- Express. William A. Ward once said, “Feeling gratitude and not expressing it is like wrapping a present and not giving it.” Get in the habit of expressing gratitude for the things on your list. You would be surprised by the power a simple, heartfelt “thank you” has on your spouse. Not only will expressing gratitude affirm and encourage your spouse, it will improve your attitude as well. Donald Curtis said, “It is impossible to be negative while we are giving thanks.”
So many marriages could be strengthened if spouses simply became more grateful for what they have and more faithful to express that gratitude. When it comes to marriage, gratitude is a great attitude!
“God gave you a gift of 86,400 seconds today. Have you used one to say “thank you?” – William A. Ward.
If you or your marriage needs a does of gratitude, let me challenge you to do the following: Get a small notebook. Everyday, list five things about your spouse and/or your marriage for which you’re grateful. Don’t repeat anything on your list. Everyday, express your gratitude to your spouse. Do this for 30 days. I can almost guarantee that by the end of 30 days, you will be different, and consequently so will your marriage.
Copyright © 2017 Bret Legg
Have you ever wished you could change your marriage? Maybe you were at odds with your spouse or maybe your marriage had just become mundane and predictable. Whatever it was, you didn’t like the way things were and you wished you could change things.
In a TED Talk entitled “The 3 A’s of Awesome,” Neil Pasricha tells of a time when his life needed a change. A difficult economy had cost him his job, his best friend had committed suicide and his marriage was falling apart.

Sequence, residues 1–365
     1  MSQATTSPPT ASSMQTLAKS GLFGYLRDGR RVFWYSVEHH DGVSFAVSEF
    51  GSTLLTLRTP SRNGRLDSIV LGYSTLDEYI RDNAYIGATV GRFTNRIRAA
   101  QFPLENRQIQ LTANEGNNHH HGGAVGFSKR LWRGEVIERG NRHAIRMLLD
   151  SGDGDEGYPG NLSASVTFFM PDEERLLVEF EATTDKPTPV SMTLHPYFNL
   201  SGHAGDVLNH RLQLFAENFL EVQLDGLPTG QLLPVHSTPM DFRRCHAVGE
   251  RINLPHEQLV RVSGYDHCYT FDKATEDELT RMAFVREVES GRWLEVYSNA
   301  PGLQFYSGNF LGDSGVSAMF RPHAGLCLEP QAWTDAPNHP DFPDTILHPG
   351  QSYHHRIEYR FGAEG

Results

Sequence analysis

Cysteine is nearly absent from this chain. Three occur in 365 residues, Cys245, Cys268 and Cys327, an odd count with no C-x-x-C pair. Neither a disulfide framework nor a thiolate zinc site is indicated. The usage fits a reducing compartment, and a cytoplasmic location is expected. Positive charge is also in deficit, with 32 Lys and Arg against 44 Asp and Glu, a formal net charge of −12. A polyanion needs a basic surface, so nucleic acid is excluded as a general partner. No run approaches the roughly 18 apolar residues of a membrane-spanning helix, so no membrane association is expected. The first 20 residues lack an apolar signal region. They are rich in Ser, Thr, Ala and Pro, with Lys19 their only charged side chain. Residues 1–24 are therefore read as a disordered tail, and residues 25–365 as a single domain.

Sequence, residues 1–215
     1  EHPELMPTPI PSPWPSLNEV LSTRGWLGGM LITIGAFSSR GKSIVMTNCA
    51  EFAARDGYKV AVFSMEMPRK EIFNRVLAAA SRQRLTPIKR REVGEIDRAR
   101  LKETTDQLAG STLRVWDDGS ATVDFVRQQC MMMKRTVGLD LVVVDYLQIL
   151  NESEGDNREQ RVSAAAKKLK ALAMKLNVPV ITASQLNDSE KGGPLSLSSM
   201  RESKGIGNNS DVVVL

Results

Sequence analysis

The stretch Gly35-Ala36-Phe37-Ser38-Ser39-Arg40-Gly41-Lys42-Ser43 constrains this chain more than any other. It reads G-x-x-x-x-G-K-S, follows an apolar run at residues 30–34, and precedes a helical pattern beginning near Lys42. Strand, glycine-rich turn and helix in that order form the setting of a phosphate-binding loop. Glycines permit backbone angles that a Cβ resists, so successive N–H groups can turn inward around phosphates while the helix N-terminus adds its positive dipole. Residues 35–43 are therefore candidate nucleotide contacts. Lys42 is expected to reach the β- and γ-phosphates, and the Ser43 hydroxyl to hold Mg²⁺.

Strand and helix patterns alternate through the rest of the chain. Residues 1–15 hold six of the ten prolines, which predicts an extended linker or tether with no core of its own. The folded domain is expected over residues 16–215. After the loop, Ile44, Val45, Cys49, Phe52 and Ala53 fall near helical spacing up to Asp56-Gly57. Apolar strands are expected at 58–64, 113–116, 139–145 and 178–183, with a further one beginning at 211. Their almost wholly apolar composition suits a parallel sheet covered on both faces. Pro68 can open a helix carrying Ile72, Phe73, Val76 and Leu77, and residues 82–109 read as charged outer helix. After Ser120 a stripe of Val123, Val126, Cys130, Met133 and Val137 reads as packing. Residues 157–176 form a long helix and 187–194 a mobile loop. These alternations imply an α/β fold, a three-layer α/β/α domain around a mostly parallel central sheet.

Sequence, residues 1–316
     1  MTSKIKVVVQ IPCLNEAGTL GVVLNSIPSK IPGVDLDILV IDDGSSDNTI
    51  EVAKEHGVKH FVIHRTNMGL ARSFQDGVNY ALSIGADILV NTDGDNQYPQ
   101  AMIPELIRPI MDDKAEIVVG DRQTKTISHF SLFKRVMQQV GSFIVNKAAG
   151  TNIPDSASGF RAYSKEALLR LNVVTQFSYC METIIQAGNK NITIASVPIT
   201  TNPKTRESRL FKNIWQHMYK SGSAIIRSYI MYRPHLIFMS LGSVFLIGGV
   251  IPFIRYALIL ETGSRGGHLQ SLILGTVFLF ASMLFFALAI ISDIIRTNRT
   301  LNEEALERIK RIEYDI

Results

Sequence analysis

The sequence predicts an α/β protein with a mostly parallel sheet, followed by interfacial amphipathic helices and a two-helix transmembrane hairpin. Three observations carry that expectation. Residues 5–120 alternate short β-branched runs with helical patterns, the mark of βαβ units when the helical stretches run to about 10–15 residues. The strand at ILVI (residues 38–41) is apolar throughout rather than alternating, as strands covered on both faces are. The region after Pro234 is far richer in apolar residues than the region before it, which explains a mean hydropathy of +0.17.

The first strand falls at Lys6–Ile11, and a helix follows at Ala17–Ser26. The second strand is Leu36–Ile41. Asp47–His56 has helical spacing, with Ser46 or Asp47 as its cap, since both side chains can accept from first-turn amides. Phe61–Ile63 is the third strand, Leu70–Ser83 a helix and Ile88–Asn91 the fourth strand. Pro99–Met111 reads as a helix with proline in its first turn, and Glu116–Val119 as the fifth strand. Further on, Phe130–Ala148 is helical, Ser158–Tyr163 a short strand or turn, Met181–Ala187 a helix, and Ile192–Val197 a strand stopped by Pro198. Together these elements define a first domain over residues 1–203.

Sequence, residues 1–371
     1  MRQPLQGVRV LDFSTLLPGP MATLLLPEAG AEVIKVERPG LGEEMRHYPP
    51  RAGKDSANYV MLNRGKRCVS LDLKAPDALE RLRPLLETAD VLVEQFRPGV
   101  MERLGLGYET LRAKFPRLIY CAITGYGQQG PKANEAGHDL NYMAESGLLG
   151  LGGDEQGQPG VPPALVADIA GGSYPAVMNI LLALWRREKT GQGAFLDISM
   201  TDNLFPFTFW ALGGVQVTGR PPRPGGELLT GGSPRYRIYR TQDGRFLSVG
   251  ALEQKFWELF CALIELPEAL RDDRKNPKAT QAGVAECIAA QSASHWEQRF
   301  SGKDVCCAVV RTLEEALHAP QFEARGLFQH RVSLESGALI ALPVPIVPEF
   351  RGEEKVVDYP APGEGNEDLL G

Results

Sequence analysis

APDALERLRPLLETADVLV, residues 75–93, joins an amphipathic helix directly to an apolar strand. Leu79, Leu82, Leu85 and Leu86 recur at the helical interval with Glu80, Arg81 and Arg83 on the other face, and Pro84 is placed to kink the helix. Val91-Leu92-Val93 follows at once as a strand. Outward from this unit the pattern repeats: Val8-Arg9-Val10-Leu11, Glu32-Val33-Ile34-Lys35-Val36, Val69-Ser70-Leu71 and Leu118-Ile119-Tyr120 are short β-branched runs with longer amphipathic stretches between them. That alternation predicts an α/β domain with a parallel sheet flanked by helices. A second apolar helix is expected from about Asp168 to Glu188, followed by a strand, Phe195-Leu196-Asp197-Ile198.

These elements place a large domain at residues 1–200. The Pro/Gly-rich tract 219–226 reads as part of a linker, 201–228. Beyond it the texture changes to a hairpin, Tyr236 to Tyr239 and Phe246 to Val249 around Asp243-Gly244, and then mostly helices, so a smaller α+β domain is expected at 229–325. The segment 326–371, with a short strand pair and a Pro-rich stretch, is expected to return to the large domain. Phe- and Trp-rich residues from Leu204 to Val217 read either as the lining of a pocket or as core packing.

The credits are one of the most neglected parts of a movie. Unless you’re a true movie buff, when the credits roll you probably feel the movie is over and get up to go. It’s a rare individual that stays and reads all those names and positions racing quickly up the screen.
But if it weren’t for the people listed in the credits, there would be no movie. Each one of those people played a specific part in bringing the movie to the screen. Directors, actors, script writers, costume designers, special effects artists…there’s a long list of people who added something to the making of the movie. Recognizing these people is important.
As you work through your sexual abuse, a lot of time and attention is given to the antagonist of your story…the abuser(s). Early in the process, the abuser(s) tend to get top billing and most of the screen time.
Then later on, as you move through the process, the attention tends to shift to the protagonist of the story…you. As you learn new ways of thinking, feeling, and behaving, you get more of the billing and more of the screen time.
As you come to the end of the process, it is really easy to feel like “this movie is over,” and quickly move on to something else. But there is still one more part to your “movie” that you don’t want to ignore. You need to take the time to credit all the people who have played a positive and helpful part in bringing you to this point.
This could be counselors, doctors, spouses, family members, close friends, or total strangers who unknowingly offered you words of kindness and acts of support. This supporting cast of people is an important part of your story and should not be glanced over. Their investment in your life, both big and small, have contributed to you arriving at this point in your movie. They deserve your recognition and gratitude before you move on.
Take some time to think about everyone who has contributed to your care and growth. Make a list of the people and their contributions…big and small. Think of their good gifts to you. Express your gratitude, if not to them, then to someone else. Don’t leave this movie without rolling the credits that are due.